This learning packet will...
PARTS OF SPEECH simply refers to all words in the English language and how they can be grouped into eight different categories, depending upon their function. So, each word that a person comes across can be placed into one of the eight groups. Without parts of speech, there would be no sentences and no language. That is why parts of speech are called the BUILDING BLOCKS OF LANGUAGE!
Source: Nancy Heilman
This is a fun and catchy parts of speech one-minute rhyme with correlating movements! Made by Gail Weinhold's English 9 class at Hopkins West Jr. High in Minnesota.
Brief explanations, as well as examples, are given for each of the eight PARTS OF SPEECH.
Source: Nancy Heilman
1. It is always helpful to be able to place items in categories in order to MAKE SENSE OF WHAT YOU ARE STUDYING.
We place foods in categories (fruits, vegetables, grains, etc.). We place sports in categories (individual or team sports, contact or non-contact sports, etc.). We place subject matter in categories (math, science, language arts, etc.). In fact, almost anything you come upon belongs in a category. That's how we humans make sense of our world! Language is no different. Words need to be placed into categories so they are less random and more purposeful. Like items go together.
2. Being able to place words into their parts of speech helps you to BECOME A BETTER READER.
Readers who want to fully understand what they are reading need to have some grasp of the different words they come upon. For example, let's imagine that a person learned a second language - French. If he was at the point of being able to read simple sentences or short paragraphs in his second language, yet did not know the meaning or purpose/function of any of the words he was reading, it could be a disaster. He would not know how to raise or lower his voice (inflection), when to pause, or how to get through the material. It would be a blind reading act of some random words. While the meaning of the words would be key, the parts of speech that the words were would be important, too. Again, that is why PARTS OF SPEECH are often referred to as the BUILDING BLOCKS OF LANGUAGE.
3. Being able to place words into their parts of speech helps you to BECOME A BETTER WRITER.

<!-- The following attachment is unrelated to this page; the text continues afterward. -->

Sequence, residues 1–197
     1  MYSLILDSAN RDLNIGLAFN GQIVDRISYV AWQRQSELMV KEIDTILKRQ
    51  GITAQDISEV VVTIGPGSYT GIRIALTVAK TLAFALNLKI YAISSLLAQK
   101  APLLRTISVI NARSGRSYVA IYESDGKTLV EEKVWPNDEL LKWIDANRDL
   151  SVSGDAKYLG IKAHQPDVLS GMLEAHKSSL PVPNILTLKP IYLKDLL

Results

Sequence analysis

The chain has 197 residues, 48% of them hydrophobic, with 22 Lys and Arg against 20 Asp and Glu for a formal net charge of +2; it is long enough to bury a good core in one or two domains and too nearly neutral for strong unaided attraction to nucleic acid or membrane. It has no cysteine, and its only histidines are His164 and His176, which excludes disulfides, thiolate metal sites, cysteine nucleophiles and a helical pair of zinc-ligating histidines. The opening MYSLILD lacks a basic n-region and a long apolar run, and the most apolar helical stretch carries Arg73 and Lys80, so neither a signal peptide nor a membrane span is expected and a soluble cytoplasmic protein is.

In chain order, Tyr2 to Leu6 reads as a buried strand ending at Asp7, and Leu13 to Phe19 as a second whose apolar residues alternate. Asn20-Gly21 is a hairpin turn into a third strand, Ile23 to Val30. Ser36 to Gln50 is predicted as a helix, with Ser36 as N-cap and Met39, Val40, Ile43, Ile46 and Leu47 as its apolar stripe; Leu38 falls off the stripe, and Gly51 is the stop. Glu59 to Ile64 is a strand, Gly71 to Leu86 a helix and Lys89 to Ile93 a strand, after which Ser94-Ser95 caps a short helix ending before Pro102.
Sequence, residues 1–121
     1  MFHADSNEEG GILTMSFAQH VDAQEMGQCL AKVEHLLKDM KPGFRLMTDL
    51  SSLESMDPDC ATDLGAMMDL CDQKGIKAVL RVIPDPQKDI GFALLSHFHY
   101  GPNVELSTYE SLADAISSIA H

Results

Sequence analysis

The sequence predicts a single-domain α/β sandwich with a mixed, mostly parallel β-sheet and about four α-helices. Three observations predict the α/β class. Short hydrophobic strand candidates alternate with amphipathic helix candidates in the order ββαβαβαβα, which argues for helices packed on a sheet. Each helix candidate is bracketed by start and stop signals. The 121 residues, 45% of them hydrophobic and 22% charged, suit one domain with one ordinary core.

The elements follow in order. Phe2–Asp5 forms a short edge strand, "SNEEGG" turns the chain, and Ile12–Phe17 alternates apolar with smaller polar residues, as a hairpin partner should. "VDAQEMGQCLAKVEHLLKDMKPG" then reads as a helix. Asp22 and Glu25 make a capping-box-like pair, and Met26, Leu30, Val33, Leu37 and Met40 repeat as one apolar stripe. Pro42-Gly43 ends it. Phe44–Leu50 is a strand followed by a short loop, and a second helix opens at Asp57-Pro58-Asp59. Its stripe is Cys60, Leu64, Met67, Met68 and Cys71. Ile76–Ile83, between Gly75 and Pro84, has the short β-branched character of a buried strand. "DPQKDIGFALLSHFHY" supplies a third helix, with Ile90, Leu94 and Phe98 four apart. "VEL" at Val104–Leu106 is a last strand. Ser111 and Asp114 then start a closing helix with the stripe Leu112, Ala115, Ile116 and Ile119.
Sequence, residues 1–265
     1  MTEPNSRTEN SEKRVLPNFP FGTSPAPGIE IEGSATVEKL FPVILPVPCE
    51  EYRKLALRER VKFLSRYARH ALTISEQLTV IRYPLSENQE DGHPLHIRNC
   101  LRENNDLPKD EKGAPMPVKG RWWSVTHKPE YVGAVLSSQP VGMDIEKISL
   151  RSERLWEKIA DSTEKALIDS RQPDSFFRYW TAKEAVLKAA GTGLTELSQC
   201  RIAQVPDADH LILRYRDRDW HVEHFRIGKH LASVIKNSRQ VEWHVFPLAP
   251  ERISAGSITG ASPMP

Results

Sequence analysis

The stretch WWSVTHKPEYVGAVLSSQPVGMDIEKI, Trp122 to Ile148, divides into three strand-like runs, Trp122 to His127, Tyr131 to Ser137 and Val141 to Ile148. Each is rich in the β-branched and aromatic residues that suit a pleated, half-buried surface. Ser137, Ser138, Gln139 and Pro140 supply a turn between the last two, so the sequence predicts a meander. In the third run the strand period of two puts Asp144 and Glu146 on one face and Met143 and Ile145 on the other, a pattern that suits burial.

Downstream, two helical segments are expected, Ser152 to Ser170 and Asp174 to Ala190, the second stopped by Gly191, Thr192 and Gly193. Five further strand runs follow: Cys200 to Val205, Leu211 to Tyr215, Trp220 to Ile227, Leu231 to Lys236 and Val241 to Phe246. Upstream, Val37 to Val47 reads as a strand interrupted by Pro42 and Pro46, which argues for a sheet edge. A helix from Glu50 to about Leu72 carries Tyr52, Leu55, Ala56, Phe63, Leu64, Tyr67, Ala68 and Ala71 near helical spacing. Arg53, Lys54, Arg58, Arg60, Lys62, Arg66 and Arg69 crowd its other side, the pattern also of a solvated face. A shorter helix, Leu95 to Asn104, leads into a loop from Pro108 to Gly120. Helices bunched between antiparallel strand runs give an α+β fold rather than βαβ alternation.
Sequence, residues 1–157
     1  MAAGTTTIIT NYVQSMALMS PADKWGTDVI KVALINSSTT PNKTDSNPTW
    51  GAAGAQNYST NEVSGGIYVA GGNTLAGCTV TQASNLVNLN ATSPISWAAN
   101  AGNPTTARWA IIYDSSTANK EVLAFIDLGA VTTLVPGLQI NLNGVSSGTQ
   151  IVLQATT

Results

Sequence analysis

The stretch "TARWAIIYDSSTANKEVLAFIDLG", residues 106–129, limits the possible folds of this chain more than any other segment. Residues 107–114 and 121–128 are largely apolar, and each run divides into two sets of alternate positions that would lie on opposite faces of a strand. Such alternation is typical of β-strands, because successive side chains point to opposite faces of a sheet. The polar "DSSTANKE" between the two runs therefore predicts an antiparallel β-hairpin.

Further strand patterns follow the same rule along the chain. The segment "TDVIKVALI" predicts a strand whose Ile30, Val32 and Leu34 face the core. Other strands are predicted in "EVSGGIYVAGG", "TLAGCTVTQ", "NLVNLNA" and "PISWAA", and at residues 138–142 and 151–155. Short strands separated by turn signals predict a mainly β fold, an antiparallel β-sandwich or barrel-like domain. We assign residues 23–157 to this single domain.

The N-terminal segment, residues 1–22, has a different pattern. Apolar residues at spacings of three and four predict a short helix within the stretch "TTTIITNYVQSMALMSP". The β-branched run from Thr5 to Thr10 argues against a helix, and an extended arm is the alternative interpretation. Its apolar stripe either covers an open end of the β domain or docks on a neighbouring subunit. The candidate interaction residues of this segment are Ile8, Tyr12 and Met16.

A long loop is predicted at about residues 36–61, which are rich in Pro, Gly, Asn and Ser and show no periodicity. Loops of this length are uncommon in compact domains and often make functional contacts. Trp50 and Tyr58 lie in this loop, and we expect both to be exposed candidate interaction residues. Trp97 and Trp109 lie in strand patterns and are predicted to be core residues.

A person who is a good reader (for their age or grade level) will generally be primed to be a better writer, partly because reading gives learners exposure to a wide variety of both vocabulary and sentence structure. Case in point: If as a writer I am trying to tell my readers HOW I walked into a room, and I know that "cautiously" is an adverb, I might then be able to choose another adverb, such as "carefully" or "watchfully," in my written description. Having a general knowledge of PARTS OF SPEECH definitely ties into being able to locate synonyms (or antonyms) for words as a writer.
In a recent online blog/discussion about whether or not it is important to know parts of speech, one participant remarked, "Knowing how English grammar worked help me improve my writing, not to mention my ability to pick out errors in what others have written."
4. Being able to place words into their parts of speech helps when LEARNING A FOREIGN LANGUAGE.
In this same blog/discussion group, a responder stated the following:
"Just the analysis skills involved make it (learning parts of speech) worthwhile, not to mention provide great help in learning a second language -- I have yet to come across material for second language learning that does not, at the higher levels, emphasize grammar."
It is a fact that when learning a second language, the level of knowledge of one's first language has a direct effect on how well the second language is absorbed. Much of this has to do with knowledge of the structure and grammar of one's first language.
Source: Nancy Heilman
How do you move the words or write the words in the circle couldn`t get it to work?
It looks like the video does have sound - so it might be a problem with the video player on your computer. You might want to make sure you have the most current flash player on your computer, you can get the latest version here: http://get.adobe.com/flashplayer/
I am confused about the "Parts of Speech Activity." Are the students simply supposed to name the parts of speech? Then you have the answers, which I don't see. They're just blue lines in the circles. You should also have the students identify the parts of speech in a sentence (e.g. Determine what part of speech the particular boldfaced word is).
It would also help if you could give the students some mnemonic devices to use in order to remember the parts of speech.
E.g. Nancy (noun) and (adjective) Vernon (verb) and (adverb) Pete (pronoun) can't (conjunction) interrupt (interjection) People (preposition)
Students are to name the parts of speech in the activity. On my screen, the answers are in blue boxes in an additional pdf file after the actual exercise pdf file. It is pretty basic, but I didn't want to make the packet any longer than it was already. Plus, we're not really even supposed to have exercises & activities for learners at this point -- only instructional materials... so I didn't spend a lot of time
designing that activity.
I like your idea for a mnemonic device. Did you come up with the one you listed on your own, or did you hear it somewhere? I looked a bit online to see if there was something already created (mnemonic device for 8 parts of speech), but it gets tricky with the licensing & trying to find creative commons stuff.
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